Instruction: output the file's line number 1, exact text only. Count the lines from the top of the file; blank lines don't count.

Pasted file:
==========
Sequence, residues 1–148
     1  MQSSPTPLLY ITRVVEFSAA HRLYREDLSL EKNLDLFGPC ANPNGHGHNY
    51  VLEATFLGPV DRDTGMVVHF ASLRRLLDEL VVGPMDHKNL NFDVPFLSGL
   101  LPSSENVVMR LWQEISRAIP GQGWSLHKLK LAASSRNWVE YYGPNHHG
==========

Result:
Sequence, residues 1–148